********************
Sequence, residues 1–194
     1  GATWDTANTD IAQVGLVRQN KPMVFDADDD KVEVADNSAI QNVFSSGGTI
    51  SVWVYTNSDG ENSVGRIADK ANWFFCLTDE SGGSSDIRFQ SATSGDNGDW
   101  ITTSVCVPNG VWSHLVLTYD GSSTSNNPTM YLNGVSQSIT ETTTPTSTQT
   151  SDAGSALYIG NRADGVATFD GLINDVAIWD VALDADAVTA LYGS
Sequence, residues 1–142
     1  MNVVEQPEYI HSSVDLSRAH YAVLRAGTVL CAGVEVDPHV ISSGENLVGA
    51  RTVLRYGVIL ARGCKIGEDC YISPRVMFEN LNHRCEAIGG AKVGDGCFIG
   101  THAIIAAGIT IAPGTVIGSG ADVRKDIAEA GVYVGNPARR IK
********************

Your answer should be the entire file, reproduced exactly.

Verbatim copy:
Sequence, residues 1–194
     1  GATWDTANTD IAQVGLVRQN KPMVFDADDD KVEVADNSAI QNVFSSGGTI
    51  SVWVYTNSDG ENSVGRIADK ANWFFCLTDE SGGSSDIRFQ SATSGDNGDW
   101  ITTSVCVPNG VWSHLVLTYD GSSTSNNPTM YLNGVSQSIT ETTTPTSTQT
   151  SDAGSALYIG NRADGVATFD GLINDVAIWD VALDADAVTA LYGS
Sequence, residues 1–142
     1  MNVVEQPEYI HSSVDLSRAH YAVLRAGTVL CAGVEVDPHV ISSGENLVGA
    51  RTVLRYGVIL ARGCKIGEDC YISPRVMFEN LNHRCEAIGG AKVGDGCFIG
   101  THAIIAAGIT IAPGTVIGSG ADVRKDIAEA GVYVGNPARR IK